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Rapid Manufacturing Of A Hands On Learning Device

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Conference

2010 Annual Conference & Exposition

Location

Louisville, Kentucky

Publication Date

June 20, 2010

Start Date

June 20, 2010

End Date

June 23, 2010

ISSN

2153-5965

Conference Session

Design Projects across the Curriculum

Tagged Division

Design in Engineering Education

Page Count

21

Page Numbers

15.1012.1 - 15.1012.21

Permanent URL

https://peer.asee.org/16527

Download Count

19

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Paper Authors

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Kimberly Warners Western Michigan University

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Britney Richmond Western Michigan University

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Adam Eaton Western Michigan University

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Andrew Kline Western Michigan University

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Associate Professor

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Betsy Aller Western Michigan University

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Associate Professor

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Edmund Tsang Western Michigan University

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Abstract
NOTE: The first page of text has been automatically extracted and included below in lieu of an abstract

Rapid Manufacturing of a Hands-on Learning Device

Abstract

Recent efforts to interest K-12 students in science, technology, engineering, and mathematics (STEM) have increasingly focused on experiential education. With experiential education, young students have the opportunity to learn by doing in-class experiments. The goal of the Western Michigan University (WMU) student team was to design and construct an apparatus to be used in a K-12 classroom that properly displays the properties of light as they occur in nature. The reflection, refraction, transmittance and absorption properties of light are recurrently shown in textbooks as if they occur individually, while in reality they occur simultaneously. Based on the expressed need of a local middle school teacher for such a device, the team drafted designs as an assignment in an entry-level freshman engineering course. After one design was decided upon, the device itself was produced, and given to the teacher for testing and feedback.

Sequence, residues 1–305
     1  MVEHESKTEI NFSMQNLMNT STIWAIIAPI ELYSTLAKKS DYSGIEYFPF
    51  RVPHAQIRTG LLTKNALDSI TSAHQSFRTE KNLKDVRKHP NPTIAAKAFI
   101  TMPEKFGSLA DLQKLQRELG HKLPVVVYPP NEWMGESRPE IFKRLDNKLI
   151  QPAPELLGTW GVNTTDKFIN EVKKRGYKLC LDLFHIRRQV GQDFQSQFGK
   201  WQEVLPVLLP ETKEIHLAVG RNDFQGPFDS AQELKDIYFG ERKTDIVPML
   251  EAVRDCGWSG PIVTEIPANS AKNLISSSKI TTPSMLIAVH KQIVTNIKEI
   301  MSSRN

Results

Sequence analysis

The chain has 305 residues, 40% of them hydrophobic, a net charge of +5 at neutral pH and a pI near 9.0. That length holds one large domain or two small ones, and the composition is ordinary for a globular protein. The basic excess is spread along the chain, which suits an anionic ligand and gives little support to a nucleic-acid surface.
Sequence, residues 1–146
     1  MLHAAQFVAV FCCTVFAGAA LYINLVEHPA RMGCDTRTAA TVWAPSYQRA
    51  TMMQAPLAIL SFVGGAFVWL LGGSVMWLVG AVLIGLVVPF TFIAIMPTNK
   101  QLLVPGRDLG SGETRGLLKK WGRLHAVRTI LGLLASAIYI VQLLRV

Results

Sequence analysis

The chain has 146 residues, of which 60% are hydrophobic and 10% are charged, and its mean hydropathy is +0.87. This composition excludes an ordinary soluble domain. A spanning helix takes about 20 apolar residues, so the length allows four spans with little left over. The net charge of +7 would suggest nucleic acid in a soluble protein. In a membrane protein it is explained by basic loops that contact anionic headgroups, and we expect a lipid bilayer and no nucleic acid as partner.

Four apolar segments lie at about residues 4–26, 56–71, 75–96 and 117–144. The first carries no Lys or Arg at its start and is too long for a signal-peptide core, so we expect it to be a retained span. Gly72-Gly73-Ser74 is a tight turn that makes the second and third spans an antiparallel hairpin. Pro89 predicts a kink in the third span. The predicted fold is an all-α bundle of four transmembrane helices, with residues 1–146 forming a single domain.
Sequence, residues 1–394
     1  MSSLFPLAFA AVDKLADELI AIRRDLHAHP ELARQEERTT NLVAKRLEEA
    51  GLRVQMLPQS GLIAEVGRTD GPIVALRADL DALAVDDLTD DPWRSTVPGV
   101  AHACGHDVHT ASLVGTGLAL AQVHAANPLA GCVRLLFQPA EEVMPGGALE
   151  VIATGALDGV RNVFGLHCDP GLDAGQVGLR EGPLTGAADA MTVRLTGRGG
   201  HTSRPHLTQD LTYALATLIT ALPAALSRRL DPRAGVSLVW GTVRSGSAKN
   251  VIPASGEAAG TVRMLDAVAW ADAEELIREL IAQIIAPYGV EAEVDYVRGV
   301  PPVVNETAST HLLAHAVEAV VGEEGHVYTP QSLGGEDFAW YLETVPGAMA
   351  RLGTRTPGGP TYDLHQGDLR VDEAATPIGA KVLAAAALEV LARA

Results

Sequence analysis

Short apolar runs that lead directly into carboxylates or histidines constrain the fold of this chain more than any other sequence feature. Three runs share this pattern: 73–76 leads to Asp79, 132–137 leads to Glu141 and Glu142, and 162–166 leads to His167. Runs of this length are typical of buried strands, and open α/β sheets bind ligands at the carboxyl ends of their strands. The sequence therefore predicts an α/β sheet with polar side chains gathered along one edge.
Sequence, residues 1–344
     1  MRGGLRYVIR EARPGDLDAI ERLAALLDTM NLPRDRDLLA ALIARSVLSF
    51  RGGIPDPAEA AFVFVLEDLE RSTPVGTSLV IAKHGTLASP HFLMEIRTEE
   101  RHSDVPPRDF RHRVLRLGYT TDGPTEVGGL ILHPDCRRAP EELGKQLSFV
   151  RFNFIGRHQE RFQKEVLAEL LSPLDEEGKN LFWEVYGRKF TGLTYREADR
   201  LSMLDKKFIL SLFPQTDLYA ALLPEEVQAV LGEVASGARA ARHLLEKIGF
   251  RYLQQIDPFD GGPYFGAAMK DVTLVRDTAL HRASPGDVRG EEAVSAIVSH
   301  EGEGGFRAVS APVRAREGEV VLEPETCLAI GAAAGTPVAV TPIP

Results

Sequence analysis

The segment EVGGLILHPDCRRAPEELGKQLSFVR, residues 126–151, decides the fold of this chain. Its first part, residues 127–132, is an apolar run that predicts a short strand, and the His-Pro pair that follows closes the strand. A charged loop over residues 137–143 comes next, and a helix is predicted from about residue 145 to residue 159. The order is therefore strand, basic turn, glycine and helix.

Based on feedback from the teacher, the WMU student team modified the original design to increase the efficiency of in-class use of the device. After constructing the hands-on model, the student team tested the device in a classroom setting. Lesson plans and pre- and post-experiment surveys were created in order to gain the necessary qualitative and quantitative data that would help determine if the devices were successful in effectively demonstrating the properties of light, while keeping the middle school students interested in the concepts behind the experiment. After deeming the device successful, the student team decided to investigate the feasibility of large- scale production. Based on advice from faculty mentors, the team began research into the method of rapid prototyping as a means of production. Rapid prototyping was selected because of the guaranteed tolerances and the efficient manner in which multiple hands-on models could be produced. The team received funds from the Michigan Space Grant Consortium which were used to finance the production of this project. The devices were tested against the original design specifications to evaluate the practicality of rapid prototyping as a method of producing enough devices to outfit a classroom.

Introduction

The demand for science, technology, engineering, and mathematical (STEM) occupations has been increasing, which means those interested in pursuing STEM related careers needs to be increasing as well. Many adolescents dream that when they grow up they will be a firefighter, a chef, an athlete, a veterinarian, a singer/actor/actress/dancer, and some, a doctor or a nurse. There is little interest in science, technology, engineering, and mathematics at a young age. Many times, this is due to a lack of interest in these topics in school because young students think the topics are too hard and boring, or perhaps they are portrayed in an unappealing manner. Whatever the case, efforts to encourage the interest of STEM related topics at a young age are important so that more kids may grow up desiring STEM careers. Efforts to interest K-12 students in science, technology, engineering, and mathematics can be achieved by focusing on experiential education. By promoting an atmosphere conducive to experiential education through the use of hands-on learning, students can learn by doing. Textbook learning can be

Warners, K., & Richmond, B., & Eaton, A., & Kline, A., & Aller, B., & Tsang, E. (2010, June), Rapid Manufacturing Of A Hands On Learning Device Paper presented at 2010 Annual Conference & Exposition, Louisville, Kentucky. https://peer.asee.org/16527

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